Bioinformatics analysis

All reads were processed with the DADA2 analysis package in R [11]. Paired-end reads were trimmed according to visualised quality scores and DADA2’s standard filtering parameters: maxN = 2, truncQ = 2, rm.phix = TRUE, and maxEE = 2. DADA2’s parametric error model was fit using the first 100 million bases. Sequences were dereplicated and sequence variants inferred using the associated error model and pseudo-pooling. Filtered reads were merged and used to construct the amplicon sequence variant table. Denoised full length sequences were subsequently trimmed and chimeras removed. Taxonomy was assigned using the Silva database (v.132). Accuracy of the run was determined using a mock community of known samples, sequenced alongside a negative control. The negative control library contained no measurable DNA and produced less than 2% of sequences compared to the average read count.

All reads were BLASTed against the full nr database using the blastx function of DIAMOND v0.7.9 [28]. Classified reads were then visualised in MEGAN6 Community Edition v6.5.5 [29] and non-bacterial sequences were removed. NA taxonomic assignments were labelled with the lowest characterised taxonomic rank. Alpha diversity matrices were analysed within the phyloseq package [30]. ESVs were pruned prior to non-metric multidimensional scaling; ESVs that were not present in at least one sample were removed, as were samples that contained less than 1000 reads. Seed set at 2209.

Phyloseq and ggplot2 packages were used to visualise taxonomic profiles and diversity measures. The rgl package was used to visualise three-dimensional ordinations [31].

Statistical analysis

Statistical analyses were conducted in the R statistical environment [32]. A series of linear models with interaction terms were used to correlate variation in the dataset. When comparing culture location, “day 0” samples were included within the “LBC” grouping. Permutational multivariate analysis of variance (PERMANOVA) was analysed using the adonis function of the vegan package. The same package was used to compute the multivariate homogeneity of group dispersions (Betadisper), both analyses were performed using 999 permutations [33].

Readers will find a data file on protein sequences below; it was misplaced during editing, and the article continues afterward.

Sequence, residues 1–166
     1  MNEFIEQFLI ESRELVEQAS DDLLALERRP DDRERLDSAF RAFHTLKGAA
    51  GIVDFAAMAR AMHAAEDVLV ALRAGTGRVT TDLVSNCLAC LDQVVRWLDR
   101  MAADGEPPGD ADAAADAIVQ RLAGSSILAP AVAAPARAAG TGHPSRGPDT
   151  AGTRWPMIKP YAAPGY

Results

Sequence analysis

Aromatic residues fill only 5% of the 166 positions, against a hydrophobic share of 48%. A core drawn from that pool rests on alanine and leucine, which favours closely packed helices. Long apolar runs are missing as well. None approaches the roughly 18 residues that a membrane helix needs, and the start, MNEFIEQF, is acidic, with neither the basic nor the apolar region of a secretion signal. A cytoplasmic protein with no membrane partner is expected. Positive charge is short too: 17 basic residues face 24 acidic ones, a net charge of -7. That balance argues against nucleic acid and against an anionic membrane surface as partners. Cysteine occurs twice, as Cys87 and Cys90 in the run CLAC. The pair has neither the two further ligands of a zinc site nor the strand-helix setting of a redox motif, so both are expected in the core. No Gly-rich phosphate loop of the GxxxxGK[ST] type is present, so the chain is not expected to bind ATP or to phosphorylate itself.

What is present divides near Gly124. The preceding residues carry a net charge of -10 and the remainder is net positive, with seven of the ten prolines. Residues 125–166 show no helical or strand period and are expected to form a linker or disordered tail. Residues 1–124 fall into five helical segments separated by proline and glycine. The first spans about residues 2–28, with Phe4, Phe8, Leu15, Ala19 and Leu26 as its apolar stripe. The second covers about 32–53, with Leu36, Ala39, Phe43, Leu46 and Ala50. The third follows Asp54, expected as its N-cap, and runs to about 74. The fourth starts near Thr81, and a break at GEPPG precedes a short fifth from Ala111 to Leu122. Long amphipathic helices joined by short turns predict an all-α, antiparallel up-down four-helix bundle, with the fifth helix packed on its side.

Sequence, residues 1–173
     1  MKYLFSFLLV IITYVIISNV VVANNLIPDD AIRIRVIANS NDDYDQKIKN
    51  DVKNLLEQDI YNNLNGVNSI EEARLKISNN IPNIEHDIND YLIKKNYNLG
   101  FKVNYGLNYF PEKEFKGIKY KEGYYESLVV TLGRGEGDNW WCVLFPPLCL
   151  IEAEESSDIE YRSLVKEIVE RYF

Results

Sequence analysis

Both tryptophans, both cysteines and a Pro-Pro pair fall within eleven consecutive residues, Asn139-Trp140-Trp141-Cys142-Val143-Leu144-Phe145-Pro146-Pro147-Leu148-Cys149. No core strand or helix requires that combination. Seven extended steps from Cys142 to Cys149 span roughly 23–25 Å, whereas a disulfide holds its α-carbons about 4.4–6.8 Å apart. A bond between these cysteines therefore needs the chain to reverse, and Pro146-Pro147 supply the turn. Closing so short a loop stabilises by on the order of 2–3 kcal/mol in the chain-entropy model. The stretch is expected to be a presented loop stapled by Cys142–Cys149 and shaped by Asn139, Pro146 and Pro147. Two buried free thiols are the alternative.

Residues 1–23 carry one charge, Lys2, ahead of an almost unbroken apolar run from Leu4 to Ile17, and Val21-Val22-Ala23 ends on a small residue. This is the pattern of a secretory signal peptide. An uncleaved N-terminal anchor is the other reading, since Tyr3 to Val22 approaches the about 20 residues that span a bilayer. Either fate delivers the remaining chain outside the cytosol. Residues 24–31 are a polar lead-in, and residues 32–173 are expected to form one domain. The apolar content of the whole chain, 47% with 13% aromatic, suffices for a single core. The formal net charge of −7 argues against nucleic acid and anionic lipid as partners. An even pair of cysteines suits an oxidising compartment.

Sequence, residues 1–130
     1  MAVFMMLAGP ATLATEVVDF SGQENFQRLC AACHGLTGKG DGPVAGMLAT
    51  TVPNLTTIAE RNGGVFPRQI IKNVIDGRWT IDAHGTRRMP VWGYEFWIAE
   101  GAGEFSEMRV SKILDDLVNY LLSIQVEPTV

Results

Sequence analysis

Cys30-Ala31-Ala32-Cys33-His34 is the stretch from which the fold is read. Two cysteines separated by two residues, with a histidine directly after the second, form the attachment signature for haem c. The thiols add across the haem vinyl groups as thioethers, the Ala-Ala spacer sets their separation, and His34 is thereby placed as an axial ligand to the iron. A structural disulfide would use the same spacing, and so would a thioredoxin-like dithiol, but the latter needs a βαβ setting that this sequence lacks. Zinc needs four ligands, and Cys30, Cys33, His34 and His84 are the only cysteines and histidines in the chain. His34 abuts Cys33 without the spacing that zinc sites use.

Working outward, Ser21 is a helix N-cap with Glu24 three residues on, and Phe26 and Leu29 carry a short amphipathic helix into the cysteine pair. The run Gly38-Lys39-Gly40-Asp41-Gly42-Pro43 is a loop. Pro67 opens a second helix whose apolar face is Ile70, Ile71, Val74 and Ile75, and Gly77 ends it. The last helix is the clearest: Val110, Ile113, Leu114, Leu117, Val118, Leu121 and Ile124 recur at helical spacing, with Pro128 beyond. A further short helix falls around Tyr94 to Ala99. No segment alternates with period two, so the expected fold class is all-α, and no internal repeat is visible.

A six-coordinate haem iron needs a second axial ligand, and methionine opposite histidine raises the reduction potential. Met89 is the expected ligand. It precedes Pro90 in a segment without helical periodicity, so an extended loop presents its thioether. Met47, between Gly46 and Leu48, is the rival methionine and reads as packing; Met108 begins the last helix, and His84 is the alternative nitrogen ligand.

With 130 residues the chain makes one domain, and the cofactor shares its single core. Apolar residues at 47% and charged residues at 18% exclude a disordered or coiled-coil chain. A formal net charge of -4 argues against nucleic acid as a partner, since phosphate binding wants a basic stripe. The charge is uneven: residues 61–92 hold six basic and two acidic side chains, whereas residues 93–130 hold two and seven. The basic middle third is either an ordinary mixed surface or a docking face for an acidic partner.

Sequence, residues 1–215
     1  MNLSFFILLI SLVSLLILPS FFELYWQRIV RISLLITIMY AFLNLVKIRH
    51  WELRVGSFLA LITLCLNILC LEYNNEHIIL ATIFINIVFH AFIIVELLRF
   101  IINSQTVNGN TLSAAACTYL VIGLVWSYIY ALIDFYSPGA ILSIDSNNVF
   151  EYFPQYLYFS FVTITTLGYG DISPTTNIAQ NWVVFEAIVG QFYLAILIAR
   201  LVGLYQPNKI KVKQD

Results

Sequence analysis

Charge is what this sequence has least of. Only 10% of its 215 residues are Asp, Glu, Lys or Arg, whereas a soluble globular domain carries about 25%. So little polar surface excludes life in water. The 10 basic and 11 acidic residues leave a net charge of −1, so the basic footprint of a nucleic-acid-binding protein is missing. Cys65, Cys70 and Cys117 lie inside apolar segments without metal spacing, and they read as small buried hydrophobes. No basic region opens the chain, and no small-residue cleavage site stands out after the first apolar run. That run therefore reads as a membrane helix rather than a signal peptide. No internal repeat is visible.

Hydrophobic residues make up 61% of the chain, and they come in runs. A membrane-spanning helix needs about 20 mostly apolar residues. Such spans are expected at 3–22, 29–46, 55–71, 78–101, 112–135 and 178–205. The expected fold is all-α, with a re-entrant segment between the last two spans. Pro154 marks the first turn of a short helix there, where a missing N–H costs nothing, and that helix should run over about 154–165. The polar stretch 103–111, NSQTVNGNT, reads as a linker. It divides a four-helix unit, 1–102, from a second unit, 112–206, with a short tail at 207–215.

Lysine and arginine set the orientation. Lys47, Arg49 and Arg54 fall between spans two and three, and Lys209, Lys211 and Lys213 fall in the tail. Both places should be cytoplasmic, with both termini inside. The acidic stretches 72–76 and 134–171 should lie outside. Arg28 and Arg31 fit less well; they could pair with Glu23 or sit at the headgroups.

Phylogenetic analyses

Exact sequence variants from all individuals were aligned using the DECIPHER package in R [34]. A maximum likelihood phylogenetic tree inference was constructed with a generalised time-reversible model with gamma rate variation using the phangorn package [35] and subsequently used to calculate phylogenetic structuring.

Phylogenetic community structure

Mean nearest taxon index (MNTD) computes the mean of the phylogenetic distance between an ESV in a given community and its closest relative within that sample. The standard effect size of phylogenetic community structure (ses.MNTD) compares the divergence away from a random, null model of distribution, measured in standard deviations, which can then be used to assess assemblage of the community as a reflection of their phylogenetic relationship. For individual samples, a ses.MNTD value of > −2 and < 2 indicates that coexisting taxa are no more related than expected by chance. Values > 2 indicate phylogenetic overdispersion and taxa are more distantly related than the null model. Values < −2 indicate phylogenetic clustering and taxa are more closely related than expected by chance. A mean ses.MNTD value representing multiple communities that is significantly greater or less than 0 is said to represent phylogenetic overdispersion and clustering respectively. ses.MNTD values are equivalent to the negative of the nearest-taxon index (NTI) and were computed using the picante package with null model = “taxa.names”, abundance.weighted = FALSE and 999 random permutations.